The results of the audit of the dioceses and eparchies of the United States, which was called for by the Bishops’ Charter for the Protection of Children and Young People, was released on Tuesday at 10:00 AM (Eastern Time), during a press conference held at the National Press Club in Washington, DC.
The review found 90% of the 195 U.S. dioceses were fully complying with the plan drafted by the bishops in Dallas on June, 2002, but made several recommendations regarding how to improve the prevention of child abuse by priests and Church personnel.
The audit was commissioned by the U.S. Conference of Catholic Bishops’ Office of Child and Youth Protection and was performed by the Gavin Group of Boston, a firm led by a former FBI official.
Present at the press conference were Bishop Wilton D. Gregory, President of the U.S. Conference of Catholic Bishops; Kathleen McChesney, Executive Director of the USCCB's Office of Child and Youth Protection; William Gavin, President of the Gavin Group; as well as William R. Burleigh and Ray H. Siegfried II, both members of the National Review Board.
McChesney defended the independence and accuracy of the audit, saying investigators spoke with people outside the Church. 54 auditors, most of them former FBI investigators, visited 191 Catholic dioceses and eparchies throughout the United States from June through November, in teams of two to six auditors for on-sight visits of approximately one week.
According to Gavin, 131 instructions and 297 recommendations were issued. At the time all of the information was sent for printing, 157 of the 191 dioceses and eparchies had addressed all outstanding recommendations and instructions. 34 dioceses and eparchies still have instructions and recommendations in the process of remediation, among them the Archdioceses of New York, Anchorage and Omaha.
Improvements and Weaknesses
McChesney said that the areas in which dioceses and eparchies were most successful in implementing the Charter were in selecting competent victim’s assistance coordinators, establishing diocesan review boards, reporting cases of abuse to civil authorities, and not entering into confidentiality agreements with victims unless requested by the victims.
In addition, 95 percent of the dioceses and eparchies have participated in the research study on the “nature and scope” of the problem of sexual abuse by Catholic clergy.
But the areas in which dioceses and eparchies seemed to have the most difficulty were in conducting meetings with victims-survivors and their families, in identifying and implementing safe-environment training programs, and in establishing codes of conduct for those who have regular contact with youth.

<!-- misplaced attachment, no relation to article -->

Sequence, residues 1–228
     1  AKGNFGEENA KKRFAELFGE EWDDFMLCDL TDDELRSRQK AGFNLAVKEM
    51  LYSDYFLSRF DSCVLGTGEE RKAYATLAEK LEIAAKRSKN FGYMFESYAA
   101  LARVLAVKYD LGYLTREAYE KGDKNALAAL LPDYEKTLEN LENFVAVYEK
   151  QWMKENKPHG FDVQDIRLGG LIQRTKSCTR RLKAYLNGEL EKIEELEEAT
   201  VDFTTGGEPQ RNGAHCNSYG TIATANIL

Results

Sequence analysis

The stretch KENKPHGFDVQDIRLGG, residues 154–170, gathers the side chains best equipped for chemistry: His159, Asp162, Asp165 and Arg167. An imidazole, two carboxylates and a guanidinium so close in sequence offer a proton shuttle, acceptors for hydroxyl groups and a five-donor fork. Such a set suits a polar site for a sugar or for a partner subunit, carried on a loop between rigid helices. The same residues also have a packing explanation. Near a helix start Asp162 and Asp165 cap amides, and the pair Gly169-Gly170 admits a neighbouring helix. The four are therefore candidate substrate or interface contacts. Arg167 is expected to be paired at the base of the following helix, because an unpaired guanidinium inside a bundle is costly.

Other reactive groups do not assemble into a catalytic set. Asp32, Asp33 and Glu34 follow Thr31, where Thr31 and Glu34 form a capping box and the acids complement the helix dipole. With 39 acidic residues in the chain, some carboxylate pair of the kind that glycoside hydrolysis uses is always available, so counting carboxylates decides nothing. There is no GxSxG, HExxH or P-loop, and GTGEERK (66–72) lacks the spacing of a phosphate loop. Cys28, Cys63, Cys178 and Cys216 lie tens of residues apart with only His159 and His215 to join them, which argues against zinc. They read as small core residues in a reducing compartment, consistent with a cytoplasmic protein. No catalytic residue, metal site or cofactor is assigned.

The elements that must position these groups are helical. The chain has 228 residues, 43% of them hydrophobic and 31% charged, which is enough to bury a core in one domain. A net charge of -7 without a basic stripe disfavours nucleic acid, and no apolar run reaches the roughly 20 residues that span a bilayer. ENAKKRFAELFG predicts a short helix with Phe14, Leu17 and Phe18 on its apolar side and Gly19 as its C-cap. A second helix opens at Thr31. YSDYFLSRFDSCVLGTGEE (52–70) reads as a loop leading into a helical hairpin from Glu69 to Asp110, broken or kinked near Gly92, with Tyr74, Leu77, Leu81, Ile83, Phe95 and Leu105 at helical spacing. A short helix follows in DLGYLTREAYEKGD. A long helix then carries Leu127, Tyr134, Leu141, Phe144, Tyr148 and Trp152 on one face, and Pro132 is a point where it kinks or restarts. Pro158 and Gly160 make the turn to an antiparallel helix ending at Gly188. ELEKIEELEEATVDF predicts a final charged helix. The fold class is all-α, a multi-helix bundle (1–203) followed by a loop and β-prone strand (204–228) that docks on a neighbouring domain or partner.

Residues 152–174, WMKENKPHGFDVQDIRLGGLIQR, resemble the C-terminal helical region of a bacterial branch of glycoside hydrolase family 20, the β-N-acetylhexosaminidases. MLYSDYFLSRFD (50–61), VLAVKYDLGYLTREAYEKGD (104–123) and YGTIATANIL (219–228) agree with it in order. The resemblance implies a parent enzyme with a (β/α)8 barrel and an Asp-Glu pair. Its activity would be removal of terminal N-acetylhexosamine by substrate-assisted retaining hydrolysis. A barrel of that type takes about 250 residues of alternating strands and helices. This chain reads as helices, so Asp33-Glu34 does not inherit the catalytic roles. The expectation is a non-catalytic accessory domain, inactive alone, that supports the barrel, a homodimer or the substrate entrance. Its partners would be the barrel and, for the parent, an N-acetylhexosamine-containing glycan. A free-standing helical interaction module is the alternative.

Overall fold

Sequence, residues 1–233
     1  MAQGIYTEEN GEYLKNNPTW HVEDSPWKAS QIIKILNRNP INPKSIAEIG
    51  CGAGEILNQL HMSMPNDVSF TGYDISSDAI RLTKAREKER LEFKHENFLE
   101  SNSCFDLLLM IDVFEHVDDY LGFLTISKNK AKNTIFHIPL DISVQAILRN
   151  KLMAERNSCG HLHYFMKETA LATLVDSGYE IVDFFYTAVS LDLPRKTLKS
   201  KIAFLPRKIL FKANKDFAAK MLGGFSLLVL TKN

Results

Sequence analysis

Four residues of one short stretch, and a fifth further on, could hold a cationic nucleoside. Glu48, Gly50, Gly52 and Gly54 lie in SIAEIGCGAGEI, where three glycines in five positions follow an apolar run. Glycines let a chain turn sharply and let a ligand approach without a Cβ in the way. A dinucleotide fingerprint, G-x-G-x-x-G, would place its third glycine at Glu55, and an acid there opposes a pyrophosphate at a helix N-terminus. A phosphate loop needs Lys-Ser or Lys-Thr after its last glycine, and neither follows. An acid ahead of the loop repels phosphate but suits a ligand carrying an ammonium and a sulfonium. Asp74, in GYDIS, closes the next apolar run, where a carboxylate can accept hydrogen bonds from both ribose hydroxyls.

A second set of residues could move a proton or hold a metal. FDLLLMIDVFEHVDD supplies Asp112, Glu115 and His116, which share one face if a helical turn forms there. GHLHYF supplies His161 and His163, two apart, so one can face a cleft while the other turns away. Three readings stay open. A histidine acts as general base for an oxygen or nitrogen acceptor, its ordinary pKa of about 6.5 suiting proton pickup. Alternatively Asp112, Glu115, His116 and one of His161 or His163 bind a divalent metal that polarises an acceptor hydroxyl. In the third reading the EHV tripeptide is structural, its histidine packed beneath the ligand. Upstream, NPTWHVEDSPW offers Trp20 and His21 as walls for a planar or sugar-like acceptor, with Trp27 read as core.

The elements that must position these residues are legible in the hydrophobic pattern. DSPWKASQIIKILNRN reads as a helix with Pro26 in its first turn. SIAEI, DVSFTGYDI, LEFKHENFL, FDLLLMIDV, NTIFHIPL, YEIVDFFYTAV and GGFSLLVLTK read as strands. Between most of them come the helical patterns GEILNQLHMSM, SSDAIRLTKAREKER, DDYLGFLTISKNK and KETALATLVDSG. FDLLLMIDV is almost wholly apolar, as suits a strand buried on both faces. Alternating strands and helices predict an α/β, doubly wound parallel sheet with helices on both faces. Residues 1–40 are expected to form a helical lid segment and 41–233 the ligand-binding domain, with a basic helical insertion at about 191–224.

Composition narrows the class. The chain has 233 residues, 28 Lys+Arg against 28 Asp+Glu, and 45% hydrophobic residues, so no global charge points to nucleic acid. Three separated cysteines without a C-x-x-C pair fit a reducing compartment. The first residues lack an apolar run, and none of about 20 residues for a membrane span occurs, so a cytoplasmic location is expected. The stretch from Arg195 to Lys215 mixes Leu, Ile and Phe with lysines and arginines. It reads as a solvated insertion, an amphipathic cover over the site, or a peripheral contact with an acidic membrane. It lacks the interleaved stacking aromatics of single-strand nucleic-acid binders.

“The reasons for these weaknesses are attributed to the difficulties in providing outreach to victims-survivors who are involved in Litigation, the identification of suitable training programs and instructors, and, in many instances, limited personnel, resources or training,” she explained.
The 388-page document contains a brief summary report of each diocese and eparchy audited as well as general recommendations in 9 areas, and 52 recommendations specifically related to the implementation of the Charter.
The first of them is that a mechanism be established and implemented to audit the participation of the 19,000 parishes in the implementation of the charter because children and young people are most involved in church activities at the parish level.
The bishops' response
During his intervention, Bishop Gregory said that in the Charter “the Bishops enacted not only the steps to confront the tragic and terrible problem of sexual abuse of children and young people by clergy. We also created the means to assure its implementation. The audit results represent solid progress on the journey toward fulfilling the vision set out in the Charter. I believe that these findings show that we bishops are keeping our word.”
“However,” he added, “the completion of the audit and this report does not tempt us to be complacent. The Report now becomes a source of learning about how to build on what we are already doing well and about what more we need to do to protect children and young people.”
“In the memorable words of history’s most eloquent statesman, we have not reached the end, or even the beginning of the end, but ‘perhaps, the end of the beginning’,” he concluded.
A second study, also commissioned by the bishops, is scheduled to be released February 27. It will attempt to tally every church abuse case in the country since 1950.